Correction: This article has been updated from an earlier version that included an incorrect statistic on U.K. vaccination rates among those hospitalized for Covid-19.
Hospitalizations are rising in the highly vaccinated U.K., where 60 percent of people being admitted with covid-19 have not been vaccinated against the coronavirus vaccine, according to the U.K. government’s chief scientific adviser, Sir Patrick Vallance.
Vallance corrected himself in a tweet on Monday after saying earlier at a Downing Street news briefing that about 60 percent of hospitalizations from covid were from fully vaccinated people.
Hospitalizations are up in the U.S. and around the world as well due to the deadly covid delta variant. A White House official and a staff member for House Speaker Nancy Pelosi (D-Calif.) have both tested positive for covid-19 after attending the same reception last week, officials confirmed to Axios. Both are vaccinated and mildly symptomatic, the report said.
“That vaccine sure is working!” Joey @solerKing247 tweeted.
The Dow Jones Industrial average on Monday had its worst day since October. Selling picked up over fears that a rebound in covid-19 cases will slow global economic growth, CNBC reported.
The Dow dropped 2.7 percent or 920 points, more than the 2-percent decline of late January. The S&P 500 fell 2.1 percent with energy and industrial sectors performing the worst and the Nasdaq Composite plunged 1.5 percent. The 10-year Treasury yield dropped to a new five-month low of 1.19 percent and crude oil tanked more than 6 percent.
In the U.S., CNN reported Monday that 24,923 people are hospitalized with covid-19, according to data from the U.S. Department of Health and Human Services. That’s a 26-percent increase from last week and a 50-percent increase from two weeks ago.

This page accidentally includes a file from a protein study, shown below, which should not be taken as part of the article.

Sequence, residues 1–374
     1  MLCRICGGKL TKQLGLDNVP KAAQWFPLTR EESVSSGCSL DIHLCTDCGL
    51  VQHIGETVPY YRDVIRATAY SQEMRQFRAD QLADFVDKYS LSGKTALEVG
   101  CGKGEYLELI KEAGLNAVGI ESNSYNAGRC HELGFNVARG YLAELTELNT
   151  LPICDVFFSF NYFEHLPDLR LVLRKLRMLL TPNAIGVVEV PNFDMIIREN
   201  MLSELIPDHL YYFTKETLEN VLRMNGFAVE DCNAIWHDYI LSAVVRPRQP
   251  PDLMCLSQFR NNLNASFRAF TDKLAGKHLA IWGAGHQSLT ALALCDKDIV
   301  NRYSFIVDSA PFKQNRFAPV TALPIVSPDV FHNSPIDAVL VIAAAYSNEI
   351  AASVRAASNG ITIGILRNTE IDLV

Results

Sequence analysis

“This is becoming a pandemic of the unvaccinated,” said Dr. Rochelle Walensky, director of the U.S. Centers for Disease Control and Prevention, at a covid-19 briefing on Friday. More than 97 percent of people getting hospitalized with covid-19 are unvaccinated, Walensky said.
The U.K. is close to seeing the high numbers of the “winter wave” of infections, Vallance told reporters. He warned that there is the risk of “high levels of covid and they are increasing,” Sky News reported. “In the winter wave, we were up to around 60,000 people testing positive per day,” Vallance said. “We are now somewhere on towards 50,000. So we’re quite close to the size of the winter wave of infections and this is going to increase.”
Almost 90 percent of the adult U.K. population — more than 46 million people — have had a first vaccine dose. About two-thirds — more than 36 million – have had both doses, according to the BBC. The Pfizer, Moderna, Oxford/Astrazeneca and Janssen (Johnson & Johnson) vaccines are approved in the U.K.
By comparison, about 68 percent of U.S. people age 18 and older have received at least one vaccine and an increase in covid-19 cases has accompanied a leveling-off of U.S. vaccine rates. In the U.S., approved vaccines include Pfizer, Moderna and Johnson & Johnson’s Janssen.
Monday’s stock market moves were reminiscent of trading patterns at the beginning of the coronavirus pandemic, Wall Street Journal reported: “Investors sold shares of companies directly affected by restrictions on movement and business, while buying government bonds and stocks that stood to benefit from renewed lockdowns.”
American and United airlines and Carnival cruises were all down at least 4.5 percent. Stocks that climbed included supermarket chain Kroger, up 3.4 percent, and online-crafts marketplace Etsy, which rose 2.8 percent.
“The Fear & Greed Index is 19. (Below 20 has historically been a pretty good time to buy.)” Tobias Carlisle
@Greenbackd tweeted on July 19.
The fear and greed index is a tool used by some investors to gauge the market. It is based on the premise that excessive fear can result in stocks trading well below their intrinsic values while greed can simultaneously result in stocks being bid up far higher than they should be worth.
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